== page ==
Unearthed a few days ahead of the next negotiation round, “The proposal stated in this document reveals how illegitimate and dangerous the whole ACTA process is, while exposing the scary position of the EU calling for more repression of non-for-profit usages — and their incitation”, says the post, going on >>>
The ninth round of negotiations1 of ACTA will begin in a few days in Luzern, Switzerland. A new leaked text, dated April 7th, proves that Member States, through the Presidency of the Council of the European Union, are negotiating the toughest parts of ACTA. The fact that the Presidency is negotiating along with the Commission 2 by itself shows that ACTA goes way beyond the scope of a regular trade agreement. Criminal sanctions (jail sentences!) being negotiated and not debated by elected representatives in democratic arenas, is more than shocking. Such a blatant denial of democracy justifies by itself a rejection of the whole ACTA process, whatever the agreed text might be.
But the content of the position pushed by the Member States of the EU is even more disturbing. The Presidency document states that “The Position of the Member States of the European Union is still under examination” with regard to article 2.14.1 that covers copyright or related rights infringements. As visible in the released ACTA text, some proposals for 2.14.1 explicitly plan to apply criminal sanctions to “infringements that have no direct or indirect motivation of financial gain”, and others give a definition of financial gain that include obtaining anything without paying3. The EU is clearly pushing for new criminal sanctions on counterfeiting and copyright infrigement that will also target non-commercial usages.
If criminal sanctions for non-for-profit transfers of data is included in the final version of article 2.14.1, criminal sanctions for “inciting, aiding and abetting” will automatically apply4. Consequences for freedom of expression and innovation on the Internet could be devastating.
“The ACTA agreement, by its opacity and undemocratic nature, allows criminal sanctions to be simply negotiated”, declares La Quadrature du Net spokesman Jérémie Zimmermann, adding:
“The leaked document shows that the EU Member States are willing to impose prison sanctions for non-commercial usages of copyrighted works on the Internet as well as for ‘inciting and aiding’, a notion so broad that it could cover any Internet service or speech questioning copyright policies. EU citizens should interrogate their governments about their support to policies that obviously attack freedom of speech, privacy and innovation. Around the next round of negotiations and beyond, ACTA should be restlessly combatted and opposed worldwide.”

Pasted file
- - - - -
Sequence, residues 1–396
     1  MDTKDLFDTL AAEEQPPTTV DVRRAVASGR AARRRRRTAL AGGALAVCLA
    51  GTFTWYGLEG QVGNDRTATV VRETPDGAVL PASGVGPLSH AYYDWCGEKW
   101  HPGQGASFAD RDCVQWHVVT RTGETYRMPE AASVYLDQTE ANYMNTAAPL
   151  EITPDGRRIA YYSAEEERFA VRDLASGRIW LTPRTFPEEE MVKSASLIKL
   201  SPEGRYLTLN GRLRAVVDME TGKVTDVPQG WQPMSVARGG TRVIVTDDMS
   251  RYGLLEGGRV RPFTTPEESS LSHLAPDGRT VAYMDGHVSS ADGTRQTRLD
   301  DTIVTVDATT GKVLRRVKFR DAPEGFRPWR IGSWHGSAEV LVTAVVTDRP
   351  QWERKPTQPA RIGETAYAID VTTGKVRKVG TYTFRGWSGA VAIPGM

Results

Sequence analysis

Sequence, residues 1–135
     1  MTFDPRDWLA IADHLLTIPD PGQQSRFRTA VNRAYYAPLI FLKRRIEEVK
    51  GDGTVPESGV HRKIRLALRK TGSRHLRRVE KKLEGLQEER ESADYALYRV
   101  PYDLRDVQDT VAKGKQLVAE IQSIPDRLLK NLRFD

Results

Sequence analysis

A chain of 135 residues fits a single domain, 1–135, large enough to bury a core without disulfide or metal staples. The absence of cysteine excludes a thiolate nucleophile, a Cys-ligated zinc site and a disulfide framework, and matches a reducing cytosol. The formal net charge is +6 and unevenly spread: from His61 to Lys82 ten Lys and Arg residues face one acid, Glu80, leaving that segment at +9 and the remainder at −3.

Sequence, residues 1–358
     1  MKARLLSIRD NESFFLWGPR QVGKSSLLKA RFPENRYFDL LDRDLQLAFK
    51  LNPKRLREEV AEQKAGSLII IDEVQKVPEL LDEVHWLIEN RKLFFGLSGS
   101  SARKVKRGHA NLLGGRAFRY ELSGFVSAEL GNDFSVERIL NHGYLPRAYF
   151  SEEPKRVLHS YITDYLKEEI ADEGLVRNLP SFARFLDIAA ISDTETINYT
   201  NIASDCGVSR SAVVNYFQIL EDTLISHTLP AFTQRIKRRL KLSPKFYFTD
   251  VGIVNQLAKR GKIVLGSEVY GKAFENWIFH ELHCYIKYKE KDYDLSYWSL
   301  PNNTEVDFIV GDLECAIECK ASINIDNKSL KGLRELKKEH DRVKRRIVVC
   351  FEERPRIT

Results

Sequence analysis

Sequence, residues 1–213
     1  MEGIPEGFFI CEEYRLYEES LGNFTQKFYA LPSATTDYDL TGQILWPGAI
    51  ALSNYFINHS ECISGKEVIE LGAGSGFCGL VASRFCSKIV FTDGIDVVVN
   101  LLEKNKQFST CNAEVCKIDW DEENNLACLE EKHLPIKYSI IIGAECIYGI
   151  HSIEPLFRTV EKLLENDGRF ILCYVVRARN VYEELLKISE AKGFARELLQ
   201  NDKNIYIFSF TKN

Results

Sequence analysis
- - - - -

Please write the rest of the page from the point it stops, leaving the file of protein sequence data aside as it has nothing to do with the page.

Deeply flawed process
Yesterday, “More than 90 IP professors, European Union MPs and public interest groups from six continents have banded together to protest ACTA, created by the corporate entertainment industry and touted by the Obama administration”, said p2pnet.
“Their fears and concerns are powerfully highlighted in a communique released by American University’s Program on Information Justice and Intellectual Property.
“ ‘We find that the terms of the publicly released draft of ACTA threaten numerous public interests, including every concern specifically disclaimed by negotiators’, it says, going on >>>
- Negotiators claim ACTA will not interfere with citizens’ fundamental rights and liberties; it will.
- They claim ACTA is consistent with the WTO Agreement on Trade Related Aspects of Intellectual Property Rights (TRIPS); it is not.
- They claim ACTA will not increase border searches or interfere with cross-border transit of legitimate generic medicines; it will.
- And they claim that ACTA does not require “graduated response” disconnections of people from the internet; however, the agreement strongly encourages such policies.
“ACTA is the ‘predictably deficient product of a deeply flawed process’, says the paper. ‘What started as a relatively simple proposal to coordinate customs enforcement has transformed into a sweeping and complex new international intellectual property and internet regulation with grave consequences for the global economy and governments’ ability to promote and protect the public interest’.”
(Cheers, RW and others)
… and identi.ca
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